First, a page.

Vaccines work only if they are accessible, trusted, and used. We believe intradermal dosing of JYNNEOS will safely provide the populations that have been disproportionately affected by monkeypox with rapid access to a limited resource without sacrificing the level of immune response achieved (a condition that might not be met by an untested single- or delayed-dose strategy), while increasing our ability to give the vaccine according to the tested and approved dosing schedule. The smaller dose needed for intradermal administration will translate into greater available supply and opportunity for vaccination. Ideally, such availability will avert inequities like those seen when JYNNEOS first became available, when access to the vaccine by all groups, especially marginalized persons, was not equal. Providing more doses also augments prevention efforts by allowing vaccine product to be directed now to clinical providers and large events serving more marginalized communities.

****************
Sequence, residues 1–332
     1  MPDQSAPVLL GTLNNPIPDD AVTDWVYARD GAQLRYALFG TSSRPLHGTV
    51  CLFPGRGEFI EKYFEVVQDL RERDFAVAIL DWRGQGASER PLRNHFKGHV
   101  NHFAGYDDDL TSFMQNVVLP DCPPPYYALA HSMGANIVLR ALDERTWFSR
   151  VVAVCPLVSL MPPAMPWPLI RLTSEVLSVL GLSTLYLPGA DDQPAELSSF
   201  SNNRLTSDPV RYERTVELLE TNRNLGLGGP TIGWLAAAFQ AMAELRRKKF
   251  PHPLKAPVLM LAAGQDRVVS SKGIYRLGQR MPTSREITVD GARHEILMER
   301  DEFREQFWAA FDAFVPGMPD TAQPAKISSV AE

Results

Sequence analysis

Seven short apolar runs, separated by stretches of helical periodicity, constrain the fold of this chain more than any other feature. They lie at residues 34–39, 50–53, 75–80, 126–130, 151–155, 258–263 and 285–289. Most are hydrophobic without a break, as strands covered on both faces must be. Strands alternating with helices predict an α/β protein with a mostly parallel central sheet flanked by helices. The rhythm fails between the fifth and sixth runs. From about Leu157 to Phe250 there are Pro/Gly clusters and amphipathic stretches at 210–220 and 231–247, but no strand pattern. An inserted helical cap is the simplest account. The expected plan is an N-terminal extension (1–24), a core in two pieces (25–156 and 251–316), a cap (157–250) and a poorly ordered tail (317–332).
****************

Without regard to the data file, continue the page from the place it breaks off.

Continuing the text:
Despite limited clinical evidence, all available data suggest that intradermal administration of JYNNEOS will be as immunogenic as subcutaneous dosing for preventing monkeypox infection and illness, which leads us to favor intradermal use from both the individual and public health perspectives. The Centers for Disease Control and Prevention and the FDA are committed to performing the studies needed to assure that our expectations are borne out. In the meantime, we urge people who are at the highest risk for infection to receive both doses of the two-dose vaccine, and we encourage manufacturers to consider routinely testing intradermal dose administration in future clinical vaccine trials, in order to expand our understanding of this operationally attractive option. The currently available evidence suggests that shifting to intradermal dosing that requires less vaccine is not a lesser option. Rather, it is a rational, evidence-informed means of advancing access, equity, and our chances of controlling the monkeypox outbreak.